Apple’s newest release of OS X, their Mac operating system, has been available to the public for a few days now. I’ve been using it since that release, having held off on using the public beta and developer releases that were released back in the summer. Here’s what I think.
I’ve only been a Mac user for four years – despite this relatively short space of time, Yosemite is the fifth major OS that my 2010 iMac has run. As those updates have come through, I’ve been increasingly impressed by Apple’s continuous innovation; updates generally bring a collection of minor improvements and refinement, as well as a few ‘big’ features that make every update feel satisfactory. The fact that the price of updates has gone from about £20 in 2011 to free in 2013 and 2014 is just a bonus. But OS X Yosemite is the biggest update to OS X since OS X Leopard was released back in 2007, and now is even more integrated with Apple’s mobile operating system, iOS.
The most obvious change in OS X Yosemite is the new design. While the OS maintains its core structure, it has been revamped with new icons, fonts and animations. To me, Yosemite’s new user interface is smooth and sleek, and is just what the Mac needed to get a fresh breath of life.
Core applications have been updated graphically, and now look almost identical to their iOS counterparts. This is no bad thing – OS X Yosemite retains the powerful capabilities that make the pro-users happy, but now makes the process of computing an even-more pleasant, simple experience for those casual users out there.
I’ve been testing OS X Yosemite on my 2010 iMac. It’s getting on in age now, and I was worried that the new graphics would slow down my machine; thankfully, my iMac’s performance has improved marginally – everything seems to be a bit snappier. This is really a testament to Apple’s determination to support older hardware – in fact, OS X Yosemite can, impressively, run on all iMac models that have been released since 2007.
With OS X Yosemite comes iCloud Drive – Apple’s better-late-than-never answer to Dropbox and Google Drive. iCloud Drive is a welcome addition to the online cloud service, making it a more usable alternative to Google Drive and its online office suite.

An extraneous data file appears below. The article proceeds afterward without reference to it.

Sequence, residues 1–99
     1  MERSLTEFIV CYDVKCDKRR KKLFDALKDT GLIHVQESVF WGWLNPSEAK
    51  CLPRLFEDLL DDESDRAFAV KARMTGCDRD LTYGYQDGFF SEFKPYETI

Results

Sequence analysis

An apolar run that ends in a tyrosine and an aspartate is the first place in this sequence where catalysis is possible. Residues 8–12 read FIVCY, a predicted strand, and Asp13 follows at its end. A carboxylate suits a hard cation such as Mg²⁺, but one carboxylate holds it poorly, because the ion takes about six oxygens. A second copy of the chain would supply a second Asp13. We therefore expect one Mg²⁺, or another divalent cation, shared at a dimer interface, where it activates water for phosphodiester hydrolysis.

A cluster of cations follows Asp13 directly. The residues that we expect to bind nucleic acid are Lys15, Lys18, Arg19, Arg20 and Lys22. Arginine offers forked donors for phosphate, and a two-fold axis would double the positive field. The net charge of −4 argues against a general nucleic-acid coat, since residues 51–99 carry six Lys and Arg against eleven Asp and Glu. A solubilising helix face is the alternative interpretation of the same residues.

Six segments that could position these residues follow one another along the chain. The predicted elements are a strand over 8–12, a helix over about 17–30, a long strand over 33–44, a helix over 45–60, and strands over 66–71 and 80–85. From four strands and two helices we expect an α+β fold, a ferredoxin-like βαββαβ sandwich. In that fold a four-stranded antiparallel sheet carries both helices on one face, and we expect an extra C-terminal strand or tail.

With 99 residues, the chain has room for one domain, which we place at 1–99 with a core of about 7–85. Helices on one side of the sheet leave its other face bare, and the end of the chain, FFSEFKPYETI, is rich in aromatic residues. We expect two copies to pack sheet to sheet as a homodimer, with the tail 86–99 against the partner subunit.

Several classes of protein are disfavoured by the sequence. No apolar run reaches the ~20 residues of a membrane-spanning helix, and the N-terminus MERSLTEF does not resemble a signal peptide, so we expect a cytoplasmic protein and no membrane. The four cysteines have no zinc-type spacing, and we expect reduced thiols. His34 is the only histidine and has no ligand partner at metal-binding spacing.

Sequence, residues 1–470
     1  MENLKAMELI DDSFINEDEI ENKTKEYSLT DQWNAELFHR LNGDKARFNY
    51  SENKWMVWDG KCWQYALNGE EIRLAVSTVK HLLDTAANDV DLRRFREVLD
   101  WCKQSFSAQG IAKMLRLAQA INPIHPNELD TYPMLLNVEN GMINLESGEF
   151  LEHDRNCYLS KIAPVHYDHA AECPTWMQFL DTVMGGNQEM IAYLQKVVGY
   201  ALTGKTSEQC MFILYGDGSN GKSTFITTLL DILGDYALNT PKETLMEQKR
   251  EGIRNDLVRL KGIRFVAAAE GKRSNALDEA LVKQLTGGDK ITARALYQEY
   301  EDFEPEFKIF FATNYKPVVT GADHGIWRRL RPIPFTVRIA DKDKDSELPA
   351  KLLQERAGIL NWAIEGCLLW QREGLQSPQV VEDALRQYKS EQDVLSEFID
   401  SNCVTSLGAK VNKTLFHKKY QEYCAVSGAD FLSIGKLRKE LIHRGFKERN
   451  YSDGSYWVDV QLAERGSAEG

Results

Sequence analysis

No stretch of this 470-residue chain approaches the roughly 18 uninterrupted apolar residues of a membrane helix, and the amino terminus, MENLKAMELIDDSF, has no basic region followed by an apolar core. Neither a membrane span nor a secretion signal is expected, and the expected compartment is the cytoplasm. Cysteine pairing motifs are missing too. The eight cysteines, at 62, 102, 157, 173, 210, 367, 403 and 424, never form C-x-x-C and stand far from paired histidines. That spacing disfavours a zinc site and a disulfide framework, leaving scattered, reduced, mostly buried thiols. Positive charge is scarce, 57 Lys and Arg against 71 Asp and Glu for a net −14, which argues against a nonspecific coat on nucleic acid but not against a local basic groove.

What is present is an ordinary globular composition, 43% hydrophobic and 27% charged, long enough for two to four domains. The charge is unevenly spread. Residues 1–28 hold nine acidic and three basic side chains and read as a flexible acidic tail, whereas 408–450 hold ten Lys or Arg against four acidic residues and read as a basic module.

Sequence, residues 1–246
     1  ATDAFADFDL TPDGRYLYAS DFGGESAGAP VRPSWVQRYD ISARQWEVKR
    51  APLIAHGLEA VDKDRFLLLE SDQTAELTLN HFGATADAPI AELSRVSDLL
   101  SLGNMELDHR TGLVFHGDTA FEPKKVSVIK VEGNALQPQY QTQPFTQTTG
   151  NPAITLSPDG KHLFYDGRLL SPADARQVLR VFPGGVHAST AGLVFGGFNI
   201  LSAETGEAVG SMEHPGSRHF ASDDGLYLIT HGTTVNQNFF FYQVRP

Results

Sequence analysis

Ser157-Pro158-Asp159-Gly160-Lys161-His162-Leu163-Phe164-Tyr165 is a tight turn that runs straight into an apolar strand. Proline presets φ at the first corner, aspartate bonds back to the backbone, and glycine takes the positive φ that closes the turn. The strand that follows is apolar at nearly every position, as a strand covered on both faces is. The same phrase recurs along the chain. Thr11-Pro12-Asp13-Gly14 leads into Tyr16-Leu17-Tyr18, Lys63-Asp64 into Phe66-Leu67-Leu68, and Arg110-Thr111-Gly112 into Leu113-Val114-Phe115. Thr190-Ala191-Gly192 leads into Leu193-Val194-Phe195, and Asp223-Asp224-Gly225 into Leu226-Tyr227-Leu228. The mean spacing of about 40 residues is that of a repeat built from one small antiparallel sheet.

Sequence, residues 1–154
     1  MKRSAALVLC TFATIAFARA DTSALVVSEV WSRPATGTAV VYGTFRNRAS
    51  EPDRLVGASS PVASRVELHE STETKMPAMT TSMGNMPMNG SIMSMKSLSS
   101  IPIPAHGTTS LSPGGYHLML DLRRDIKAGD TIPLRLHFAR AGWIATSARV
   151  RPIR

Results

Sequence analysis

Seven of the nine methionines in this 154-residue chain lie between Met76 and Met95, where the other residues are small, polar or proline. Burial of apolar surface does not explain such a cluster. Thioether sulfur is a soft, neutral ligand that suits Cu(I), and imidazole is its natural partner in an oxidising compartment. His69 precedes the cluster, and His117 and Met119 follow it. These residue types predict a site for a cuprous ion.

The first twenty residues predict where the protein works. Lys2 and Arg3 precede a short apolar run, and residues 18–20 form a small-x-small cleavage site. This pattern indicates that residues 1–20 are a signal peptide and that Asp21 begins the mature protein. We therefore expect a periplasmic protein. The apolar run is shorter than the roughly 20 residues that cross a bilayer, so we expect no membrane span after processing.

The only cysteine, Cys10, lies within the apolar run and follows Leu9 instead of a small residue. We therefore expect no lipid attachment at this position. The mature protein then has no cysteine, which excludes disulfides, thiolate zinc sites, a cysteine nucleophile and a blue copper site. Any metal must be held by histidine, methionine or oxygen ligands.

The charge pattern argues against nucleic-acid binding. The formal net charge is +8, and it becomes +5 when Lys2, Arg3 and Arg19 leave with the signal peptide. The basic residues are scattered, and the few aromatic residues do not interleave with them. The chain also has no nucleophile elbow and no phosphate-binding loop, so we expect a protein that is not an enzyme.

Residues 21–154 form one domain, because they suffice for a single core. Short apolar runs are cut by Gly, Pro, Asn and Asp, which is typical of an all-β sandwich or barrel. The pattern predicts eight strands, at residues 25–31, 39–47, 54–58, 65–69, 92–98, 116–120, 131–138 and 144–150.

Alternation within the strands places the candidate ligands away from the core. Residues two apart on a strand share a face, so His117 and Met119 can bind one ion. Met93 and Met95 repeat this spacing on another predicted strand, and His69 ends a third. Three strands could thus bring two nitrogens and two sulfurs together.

Notification Centre is now more useful, with the addition of widgets (much like in iOS 8). Third-party developers are also able to release such widgets.
The new Spotlight Search is a much more powerful tool, with the ability to search the web straight from it. Previously, Spotlight could only be used to search local files stored on your computer.
Continuity is one of the biggest aspects of OS X Yosemite. You can now take and make iPhone calls and send and receive SMS messages using your Mac. There is also Instant Hotspot, which makes it quicker and easier to share your iPhone or iPad’s 3G/4G internet connection with your computer. Handoff allows you to start a document on your Mac, and go over and finish it on your iPad – what’s particularly special about this is that your Mac will know that you’ve been writing a document in Pages on your iPad or iPhone, and will prompt you to finish it when you go back to it.
OS X Yosemite is a very nice update to Apple’s formidable desktop operating system. The new features are genuinely-useful additions, and the new user interface is a welcome visual change. There is nothing to complain about, and plenty to be happy about, not least the price – free!